Her mood instantly changed. The UN got a hundred threats per week, mostly from crackpots and mentally unstable individuals who imagined the UN taking over the world with black helicopters. What made these people think the UN was even remotely capable of dominating the world boggled her mind. In the best of times, they had trouble keeping the peace in remote, undeveloped areas.

She read on.

Your efforts have not helped us. You plunge us deeper into despair every day. In the name of progress you enslave us, in the name of charity you starve us, in the name of peace you slaughter us. We can no longer wait for your help, we will change the world ourselves.

Normally Claudia took these threats with a grain of salt, but this letter had come to her internally. Whoever sent it had access to things they should not have had access to. She began to feel sick, her face and hands flushed and sweating.

In our pains we have grown. And you have fed off us. You think you have beaten us, but he who overcomes by force, hath overcome but half his foe.

We cannot reverse what you have done but we mete out your portion of suffering, we bring you down with us. And it is you who will deliver the master stroke for us. That is correct, Ambassador Gonzales, you are the method of our vengeance. If you have read this far, you are carrying the plague already.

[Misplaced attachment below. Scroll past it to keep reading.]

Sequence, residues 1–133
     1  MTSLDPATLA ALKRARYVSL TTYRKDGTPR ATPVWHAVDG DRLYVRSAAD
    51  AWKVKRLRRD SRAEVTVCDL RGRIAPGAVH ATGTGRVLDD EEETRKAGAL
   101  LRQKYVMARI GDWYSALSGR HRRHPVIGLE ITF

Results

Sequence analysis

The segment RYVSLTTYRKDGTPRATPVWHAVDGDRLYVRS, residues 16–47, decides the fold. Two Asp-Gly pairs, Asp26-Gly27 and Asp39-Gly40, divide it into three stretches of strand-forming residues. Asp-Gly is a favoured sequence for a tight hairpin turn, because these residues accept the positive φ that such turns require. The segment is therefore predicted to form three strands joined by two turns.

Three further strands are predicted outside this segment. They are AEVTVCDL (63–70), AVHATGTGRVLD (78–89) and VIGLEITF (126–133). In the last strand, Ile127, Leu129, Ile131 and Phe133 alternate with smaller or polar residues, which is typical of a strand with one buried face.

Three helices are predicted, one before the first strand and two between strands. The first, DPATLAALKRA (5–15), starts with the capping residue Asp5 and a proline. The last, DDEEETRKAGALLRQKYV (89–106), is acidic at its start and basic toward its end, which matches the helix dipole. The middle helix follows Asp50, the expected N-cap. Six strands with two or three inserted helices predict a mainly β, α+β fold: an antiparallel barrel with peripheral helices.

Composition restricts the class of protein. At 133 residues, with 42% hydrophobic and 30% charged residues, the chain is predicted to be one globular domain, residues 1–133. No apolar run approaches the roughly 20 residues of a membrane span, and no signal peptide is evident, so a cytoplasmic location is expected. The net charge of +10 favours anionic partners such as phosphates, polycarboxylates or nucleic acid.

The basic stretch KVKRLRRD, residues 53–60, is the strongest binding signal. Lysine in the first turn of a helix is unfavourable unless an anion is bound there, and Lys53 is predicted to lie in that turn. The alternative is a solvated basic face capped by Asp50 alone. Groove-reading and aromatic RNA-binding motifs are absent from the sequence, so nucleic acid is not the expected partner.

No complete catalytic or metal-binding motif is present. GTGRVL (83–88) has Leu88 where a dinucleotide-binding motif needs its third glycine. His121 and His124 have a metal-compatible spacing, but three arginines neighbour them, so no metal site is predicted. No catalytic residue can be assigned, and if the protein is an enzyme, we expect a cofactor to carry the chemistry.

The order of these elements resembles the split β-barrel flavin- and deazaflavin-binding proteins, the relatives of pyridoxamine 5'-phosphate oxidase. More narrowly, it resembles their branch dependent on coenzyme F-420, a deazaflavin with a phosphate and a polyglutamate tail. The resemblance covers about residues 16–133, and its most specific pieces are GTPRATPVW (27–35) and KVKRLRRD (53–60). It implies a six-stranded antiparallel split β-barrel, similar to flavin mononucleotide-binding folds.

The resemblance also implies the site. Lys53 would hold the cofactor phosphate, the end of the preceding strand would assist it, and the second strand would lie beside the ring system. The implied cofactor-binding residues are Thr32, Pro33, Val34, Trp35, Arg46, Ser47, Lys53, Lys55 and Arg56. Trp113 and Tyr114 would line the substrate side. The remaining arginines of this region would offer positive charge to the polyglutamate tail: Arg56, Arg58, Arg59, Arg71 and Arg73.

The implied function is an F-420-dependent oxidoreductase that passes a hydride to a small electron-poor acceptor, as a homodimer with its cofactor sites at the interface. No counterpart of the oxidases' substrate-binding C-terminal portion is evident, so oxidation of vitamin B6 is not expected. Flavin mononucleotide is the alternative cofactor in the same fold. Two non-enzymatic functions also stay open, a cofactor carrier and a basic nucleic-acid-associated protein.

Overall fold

Her heart went cold as she read the words. With her hand shaking lightly, she jabbed at the intercom switch on her phone.

“Security,” a voice said.

“This is—­” She stopped midsentence, noticing some type of reddish liquid left behind on the phone key. She glanced at her hand, turning her palm up. The tips of her fingers and her thumb were stained reddish brown.

She noticed a strange smell and heard a quiet sizzling sound. Her left hand, still holding the sheet of paper, felt as if it were burning. She flung the letter to the floor with a shout, pushing her chair backward. She jumped up out of the seat, knocking the latte off her desk.

Her palm and fingers were red and bubbling with the crimson liquid. Her heart was pounding.

“Madam Ambassador?” the voice called over the phone. “Are you okay? Madam Ambassador?”

Unable to speak, she stared at the sheet of paper, watching as a red stain soaked through the page from the corners like blood or dye. Despite this strange effect, the words remained clearly readable. The last sentence, in large bold font, read:

Welcome to Hell.

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The Eden Prophecy: A Thriller 3.9 out of 5 based on 0 ratings. 15 reviews.
Suspensemag More than 1 year ago